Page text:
China: When Trade Trumps Information Security

As the world’s second-largest economy and one of its largest consumers of technology, China has a staggeringly powerful position at the centre of global trade. There’s something about a market of over one billion consumers which tends to make governments and private enterprises pretty nervous about offending Beijing in any way… there’s always the chance that retribution could be brutally swift and irreversible.

Google has probably been one of the most prominent recipients of this kind of rough justice. A well-publicised spat in 2010 over hacking and censorship saw the web giant relocate its search servers to Hong Kong. Since then its services have become increasingly patchy inside the Great Firewall, with user numbers dropping as they switch to local competitors. This is no coincidence. More recently, the US government last year decided to play with fire by branding Huawei and ZTE a “national security risk”, effectively banning them for competing for telecoms infrastructure tenders in the States. It remains to be seen whether that move will be reciprocated with a directive from Beijing to ban Cisco in the Middle Kingdom, but there’ll be a few sweaty palms in San Jose.

At the end of July another potential flashpoint emerged with a report claiming that Lenovo products had been banned by intelligence and security agencies in the “Five Eyes” allies of UK, US, Australia, Canada and New Zealand after serious backdoor security vulnerabilities were found in testing. The ban was slapped on Lenovo back in the mid-2000s, just after it took over IBM’s PC business, the Australian Financial Review reported.

The report falls short of accusing Beijing of working with Lenovo – a firm whose biggest shareholder is part-owned by the government – to spy on Western targets through these backdoors. Lenovo has also released a statement saying it basically can’t comment as it is not aware of any such ban. However, you can be pretty sure Beijing isn’t too happy with the story. Sources at media companies have told me that Beijing officials have contacted them directly in the past after negative articles appeared in their publications, trying to put pressure on to avoid similar articles appearing in the future.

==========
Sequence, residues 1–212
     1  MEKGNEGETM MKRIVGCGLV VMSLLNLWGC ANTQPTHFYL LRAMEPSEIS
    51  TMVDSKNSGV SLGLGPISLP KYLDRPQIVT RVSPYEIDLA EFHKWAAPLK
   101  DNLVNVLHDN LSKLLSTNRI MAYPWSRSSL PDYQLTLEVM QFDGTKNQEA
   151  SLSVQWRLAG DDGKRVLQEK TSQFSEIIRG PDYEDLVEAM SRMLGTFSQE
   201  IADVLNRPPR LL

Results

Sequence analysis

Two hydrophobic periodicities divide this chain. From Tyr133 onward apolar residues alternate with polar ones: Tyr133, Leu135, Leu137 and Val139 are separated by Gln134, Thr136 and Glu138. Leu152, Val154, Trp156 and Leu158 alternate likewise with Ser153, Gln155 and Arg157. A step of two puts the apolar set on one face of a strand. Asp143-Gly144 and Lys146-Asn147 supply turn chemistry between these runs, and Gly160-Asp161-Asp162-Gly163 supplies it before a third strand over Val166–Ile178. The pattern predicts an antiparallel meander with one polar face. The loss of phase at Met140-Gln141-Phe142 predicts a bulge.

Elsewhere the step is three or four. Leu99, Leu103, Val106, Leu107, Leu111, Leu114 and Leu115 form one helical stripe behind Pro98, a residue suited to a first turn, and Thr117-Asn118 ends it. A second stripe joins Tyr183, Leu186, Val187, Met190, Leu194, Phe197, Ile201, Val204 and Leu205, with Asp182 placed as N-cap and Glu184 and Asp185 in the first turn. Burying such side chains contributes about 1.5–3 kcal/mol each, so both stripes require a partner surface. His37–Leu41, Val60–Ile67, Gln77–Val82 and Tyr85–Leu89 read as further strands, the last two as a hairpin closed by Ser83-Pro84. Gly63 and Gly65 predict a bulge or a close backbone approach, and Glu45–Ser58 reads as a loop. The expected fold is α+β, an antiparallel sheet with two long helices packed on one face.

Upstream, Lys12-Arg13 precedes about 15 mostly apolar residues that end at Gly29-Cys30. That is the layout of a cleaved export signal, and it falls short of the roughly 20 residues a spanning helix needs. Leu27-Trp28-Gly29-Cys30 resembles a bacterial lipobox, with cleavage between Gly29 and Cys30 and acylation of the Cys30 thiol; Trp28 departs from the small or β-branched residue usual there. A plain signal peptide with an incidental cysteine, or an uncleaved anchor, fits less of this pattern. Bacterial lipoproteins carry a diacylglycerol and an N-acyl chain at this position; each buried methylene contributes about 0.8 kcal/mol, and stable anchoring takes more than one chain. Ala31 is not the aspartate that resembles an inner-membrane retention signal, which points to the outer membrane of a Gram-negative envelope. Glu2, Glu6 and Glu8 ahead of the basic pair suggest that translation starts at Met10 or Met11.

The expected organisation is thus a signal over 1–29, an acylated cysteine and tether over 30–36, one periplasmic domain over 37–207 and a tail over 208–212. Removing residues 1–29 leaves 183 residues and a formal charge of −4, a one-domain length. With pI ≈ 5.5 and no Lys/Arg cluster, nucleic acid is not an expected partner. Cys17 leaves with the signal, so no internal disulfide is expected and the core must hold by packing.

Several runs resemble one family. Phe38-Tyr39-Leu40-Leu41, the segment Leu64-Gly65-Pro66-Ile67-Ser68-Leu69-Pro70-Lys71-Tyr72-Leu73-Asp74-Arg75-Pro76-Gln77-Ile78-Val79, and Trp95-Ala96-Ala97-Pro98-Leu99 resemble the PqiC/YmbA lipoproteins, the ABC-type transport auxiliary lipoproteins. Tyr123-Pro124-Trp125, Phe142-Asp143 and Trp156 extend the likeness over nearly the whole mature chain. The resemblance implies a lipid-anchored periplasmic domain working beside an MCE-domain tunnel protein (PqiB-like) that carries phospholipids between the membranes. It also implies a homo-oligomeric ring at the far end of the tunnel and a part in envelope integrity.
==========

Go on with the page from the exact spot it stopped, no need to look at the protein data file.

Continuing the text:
Lenovo is one of the country’s most successful technology firms – the top selling PC vendor in the world right now – so not only does this story reflect badly on the business itself but also Team China. Who knows what the repercussions on Lenovo’s Western competitors in China may be. In the world of global politics the Middle Kingdom is a notoriously unpredictable and difficult prospect to deal with. In July this month it effectively stalled a World Trade Oganization attempt to expand its Information Technology Agreement (ITA) in order to make a range of products tariff free. China wanted to exempt a staggering 106 out of the total 260 products up for discussion, despite standing to gain much from an accord, which could see a removal of tariffs on $800bn in ICT trade and expand global GDP by $190bn.